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Conflict for oil: Iraq

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Introduction

Iraq's Energy Resources Iraq was the world's 13th largest oil producer in 2008, and has the world's third largest proven petroleum reserves after Saudi Arabia and Canada. Approximately 94% of Iraq's energy demands are met by the use of petroleum. According to the Oil and Gas journal, Iraq's proven oil reserves are 115 billion barrels, but this figure hasn't been revised since 2001. Iraq has 9 fields that are considered "super giants", that being containing over 5 billion barrels, and 22 known "giant fields", containing over 1 billion barrels. In 2008, Iraq exported over 1.8 billion barrels a day. The majority of oil exports go to refineries in Asia, including China and India. According to Oil and Gas Journal, Iraq's proven natural gas reserves are 112 trillion cubic feet. This represents only 5% of Iraq's total energy consumption, with the other 95% being oil. ...read more.

Middle

Iraq's Regime Iraq has a strong political position due to the vast amount of oil it exports. Iraq had been part of the Ottoman Empire but After World War 1; Iraq was put under a mandate overlooked by Great Britain. As a result, oil concessions were made and GB controlled the Turkish petroleum company, who had an incredibly strong influence in Iraq, meaning threat before the coup of 1941 Britain controlled oil exports. The Turkish petroleum company's old influence is now controlled by The Iraq Petroleum Company. However, the old ties to Great Britain do not remain. The current regime still has obviously strong links with the US, even though American presence in the country is diminishing, after the (relative) peace of the last few years, although violence is still a regular occurrence, meaning that large oil companies are keen to stay away. ...read more.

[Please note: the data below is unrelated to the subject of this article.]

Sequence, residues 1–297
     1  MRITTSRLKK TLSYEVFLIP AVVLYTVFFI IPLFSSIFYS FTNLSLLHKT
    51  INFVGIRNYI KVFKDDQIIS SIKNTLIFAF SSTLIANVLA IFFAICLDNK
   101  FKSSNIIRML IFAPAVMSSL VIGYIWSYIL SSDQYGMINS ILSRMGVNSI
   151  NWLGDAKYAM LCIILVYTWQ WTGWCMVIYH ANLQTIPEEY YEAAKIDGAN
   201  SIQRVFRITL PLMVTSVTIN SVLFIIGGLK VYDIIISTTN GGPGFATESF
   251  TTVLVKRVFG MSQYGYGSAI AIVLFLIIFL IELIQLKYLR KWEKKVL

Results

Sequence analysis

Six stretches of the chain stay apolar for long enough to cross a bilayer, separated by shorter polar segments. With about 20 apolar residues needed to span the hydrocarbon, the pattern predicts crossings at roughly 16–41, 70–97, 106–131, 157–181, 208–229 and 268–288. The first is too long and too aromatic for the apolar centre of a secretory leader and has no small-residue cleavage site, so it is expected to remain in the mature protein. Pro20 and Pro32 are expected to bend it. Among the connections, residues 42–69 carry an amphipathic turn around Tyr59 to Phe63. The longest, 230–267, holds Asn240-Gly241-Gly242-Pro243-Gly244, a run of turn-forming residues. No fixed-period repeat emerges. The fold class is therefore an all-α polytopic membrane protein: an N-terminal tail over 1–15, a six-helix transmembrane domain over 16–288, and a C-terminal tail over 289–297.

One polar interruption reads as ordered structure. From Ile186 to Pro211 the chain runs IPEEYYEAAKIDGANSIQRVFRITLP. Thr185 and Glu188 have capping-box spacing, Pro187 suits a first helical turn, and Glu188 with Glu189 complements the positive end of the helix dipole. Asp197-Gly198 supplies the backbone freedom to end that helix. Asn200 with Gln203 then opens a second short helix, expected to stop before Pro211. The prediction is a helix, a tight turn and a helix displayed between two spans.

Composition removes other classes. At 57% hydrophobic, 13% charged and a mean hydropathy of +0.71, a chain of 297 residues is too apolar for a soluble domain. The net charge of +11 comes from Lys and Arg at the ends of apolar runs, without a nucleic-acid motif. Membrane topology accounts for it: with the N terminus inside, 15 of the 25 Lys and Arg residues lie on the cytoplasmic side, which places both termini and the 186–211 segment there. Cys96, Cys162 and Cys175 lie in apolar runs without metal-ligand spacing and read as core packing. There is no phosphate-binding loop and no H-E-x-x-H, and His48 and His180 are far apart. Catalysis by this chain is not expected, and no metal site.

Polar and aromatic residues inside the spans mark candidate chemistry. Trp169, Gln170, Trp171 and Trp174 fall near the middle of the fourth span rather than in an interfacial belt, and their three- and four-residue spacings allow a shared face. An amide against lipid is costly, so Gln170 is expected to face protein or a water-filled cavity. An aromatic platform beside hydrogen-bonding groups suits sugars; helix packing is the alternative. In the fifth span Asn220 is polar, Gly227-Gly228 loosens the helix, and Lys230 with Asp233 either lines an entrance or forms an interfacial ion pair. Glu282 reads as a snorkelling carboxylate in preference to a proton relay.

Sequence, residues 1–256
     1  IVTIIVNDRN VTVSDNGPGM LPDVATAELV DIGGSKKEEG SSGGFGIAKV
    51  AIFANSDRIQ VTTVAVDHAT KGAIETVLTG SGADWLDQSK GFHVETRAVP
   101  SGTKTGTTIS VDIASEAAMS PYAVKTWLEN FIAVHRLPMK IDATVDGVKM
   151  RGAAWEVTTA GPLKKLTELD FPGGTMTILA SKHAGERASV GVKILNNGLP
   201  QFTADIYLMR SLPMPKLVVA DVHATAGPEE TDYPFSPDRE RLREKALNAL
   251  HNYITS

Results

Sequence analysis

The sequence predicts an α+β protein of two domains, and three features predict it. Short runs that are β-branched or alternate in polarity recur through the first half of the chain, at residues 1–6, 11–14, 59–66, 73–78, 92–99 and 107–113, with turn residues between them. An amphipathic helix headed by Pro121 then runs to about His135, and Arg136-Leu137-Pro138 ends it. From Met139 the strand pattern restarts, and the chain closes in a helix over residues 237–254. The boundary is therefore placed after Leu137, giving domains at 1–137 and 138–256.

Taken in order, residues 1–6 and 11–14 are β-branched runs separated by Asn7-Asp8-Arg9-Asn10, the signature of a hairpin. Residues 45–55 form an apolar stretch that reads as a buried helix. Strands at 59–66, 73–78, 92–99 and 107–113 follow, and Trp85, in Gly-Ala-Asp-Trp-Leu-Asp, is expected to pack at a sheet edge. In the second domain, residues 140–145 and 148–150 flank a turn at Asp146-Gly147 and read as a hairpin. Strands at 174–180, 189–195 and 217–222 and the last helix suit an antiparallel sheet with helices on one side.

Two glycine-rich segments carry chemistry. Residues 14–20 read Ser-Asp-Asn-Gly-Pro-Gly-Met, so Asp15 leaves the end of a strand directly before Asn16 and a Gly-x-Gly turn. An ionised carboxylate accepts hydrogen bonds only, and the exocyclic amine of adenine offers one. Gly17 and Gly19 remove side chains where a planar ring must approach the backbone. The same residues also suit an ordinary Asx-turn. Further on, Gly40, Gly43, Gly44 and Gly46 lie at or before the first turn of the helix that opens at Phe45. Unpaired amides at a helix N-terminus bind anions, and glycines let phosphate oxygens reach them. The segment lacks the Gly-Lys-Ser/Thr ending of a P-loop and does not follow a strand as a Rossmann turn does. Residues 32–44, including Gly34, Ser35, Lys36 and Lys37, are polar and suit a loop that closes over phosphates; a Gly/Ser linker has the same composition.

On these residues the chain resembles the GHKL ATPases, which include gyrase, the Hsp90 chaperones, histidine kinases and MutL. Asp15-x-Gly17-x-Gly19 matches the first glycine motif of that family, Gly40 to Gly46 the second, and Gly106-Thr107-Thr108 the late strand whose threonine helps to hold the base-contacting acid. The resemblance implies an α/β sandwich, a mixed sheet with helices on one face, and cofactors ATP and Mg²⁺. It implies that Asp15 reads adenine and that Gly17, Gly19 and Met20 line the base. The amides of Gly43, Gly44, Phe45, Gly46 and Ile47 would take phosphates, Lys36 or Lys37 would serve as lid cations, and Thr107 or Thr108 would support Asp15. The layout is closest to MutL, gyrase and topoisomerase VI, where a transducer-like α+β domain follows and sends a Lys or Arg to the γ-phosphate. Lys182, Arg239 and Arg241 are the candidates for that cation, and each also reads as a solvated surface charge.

Conclusion

Both of these countries are too strong to invade and politically dominate. Mahmud Ahmadinejad (Iran) and King Abdullah (Saudi Arabia) are politically dominant and therefore too difficult to seize power from. The West is extremely reliant upon oil and thus knew it had to secure resources of said oil as soon as possible. With Iran and Saudi Arabia being too strong, Iraq seemed a likely option. In 2003, Saddam Hussein's regime was ready for the taking and the idea of "weapons of mass destruction", although potentially plausible, was used as an excuse for the invasion. Note this is a cynical view that has been put forward by many top Politicians. It was hoped that the USA could gain control of Iraq's oil, modernise it with increased investment ($2.05 billion is to be put towards this modernisation next month) and thus obtain a secure and stable supply of oil. This clearly shows that Iraq's resources have lead to a huge amount of geopolitical activity, ultimately culminating in a war. ...read more.

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